Technology in School

Has Strunk and White Struck Out of Writing Instruction?

By Tina Nazerian     Oct 25, 2017

Has Strunk and White Struck Out of Writing Instruction?

Ann Hall wishes people would return to William Strunk and E.B. White’s “The Elements of Style.”

Currently, she’s a professor in the comparative humanities department at the University of Louisville. She recommends Strunk and White to her undergraduate students, and asks her dissertation students to use it. She also uses Strunk and White indirectly, when she makes on students’ papers and during class discussions.

However, not everyone feels the same about the famous (or in some people’s opinion, infamous) writing style guide, which is over 50 years old. Writing in The Chronicle of Higher Education in 2009, Geoffrey K. Pullum, a professor of general linguistics at the University of Edinburgh, said the book’s advice “ranges from limp platitudes to inconsistent nonsense,” and called both of its authors “grammatical incompetents.” He wrote that he wouldn’t “be celebrating” what was then the guide’s 50th anniversary.

Hall, on the other hand, thinks that Strunk and White puts statements in “positive form” and gives “little tricks of the trade that don’t demand that you know what a gerund or a participle is.”

But Hall does think that Strunk and White has been replaced. She thinks it’s “kind of seen as old-fashioned,” and most college and university campuses would go with composition and writing textbooks such as “The Little Seagull Handbook,” “The Everyday Writer” or “The Writer’s Reference.”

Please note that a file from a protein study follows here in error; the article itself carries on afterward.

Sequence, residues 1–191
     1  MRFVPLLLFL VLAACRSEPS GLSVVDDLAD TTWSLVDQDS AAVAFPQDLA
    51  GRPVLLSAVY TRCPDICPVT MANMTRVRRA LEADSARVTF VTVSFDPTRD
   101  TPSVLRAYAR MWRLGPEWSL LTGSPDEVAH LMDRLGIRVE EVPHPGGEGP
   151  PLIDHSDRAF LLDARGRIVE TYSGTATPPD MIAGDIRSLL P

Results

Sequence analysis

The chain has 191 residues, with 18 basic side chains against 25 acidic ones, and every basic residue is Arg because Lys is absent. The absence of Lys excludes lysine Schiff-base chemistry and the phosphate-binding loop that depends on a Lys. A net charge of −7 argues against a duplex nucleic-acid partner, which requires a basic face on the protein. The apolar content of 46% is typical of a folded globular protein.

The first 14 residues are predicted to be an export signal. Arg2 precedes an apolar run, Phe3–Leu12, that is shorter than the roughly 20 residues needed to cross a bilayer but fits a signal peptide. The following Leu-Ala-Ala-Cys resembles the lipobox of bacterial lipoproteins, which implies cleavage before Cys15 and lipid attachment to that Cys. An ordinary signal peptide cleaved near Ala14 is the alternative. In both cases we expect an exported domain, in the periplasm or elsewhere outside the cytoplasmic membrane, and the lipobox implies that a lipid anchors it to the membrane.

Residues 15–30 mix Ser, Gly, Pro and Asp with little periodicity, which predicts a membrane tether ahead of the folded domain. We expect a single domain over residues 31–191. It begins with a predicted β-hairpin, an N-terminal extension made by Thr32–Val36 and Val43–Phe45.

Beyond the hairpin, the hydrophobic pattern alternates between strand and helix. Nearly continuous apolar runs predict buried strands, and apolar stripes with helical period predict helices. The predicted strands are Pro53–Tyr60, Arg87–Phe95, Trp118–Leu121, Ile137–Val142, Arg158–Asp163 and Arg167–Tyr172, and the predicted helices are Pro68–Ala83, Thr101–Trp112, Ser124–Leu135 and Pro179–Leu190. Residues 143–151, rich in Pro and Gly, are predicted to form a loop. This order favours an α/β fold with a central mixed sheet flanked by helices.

In the sixteen years she’s taught high school English at Wilmington High School in Wilmington, Massachusetts, Lisa Desberg has never used Strunk and White. She says her school is literature-based—grammar is not “the essence” of English classes.

“Grammar is not something that our district tends to purchase,” she says. “We tend to create our own powerpoints and worksheets based on the Common Core.”

Desberg doesn’t think the book’s age makes it irrelevant. But she does mention that these days, “a little paperback book” may not be how students “learn grammar organically.” She explains, “For example, I try to naturally incorporate [grammar] based on errors I’m seeing in their writing...in an everyday lesson, rather than, ‘Ok now, we’re going to have a separate lesson or now you’re going to open up a separate book.’”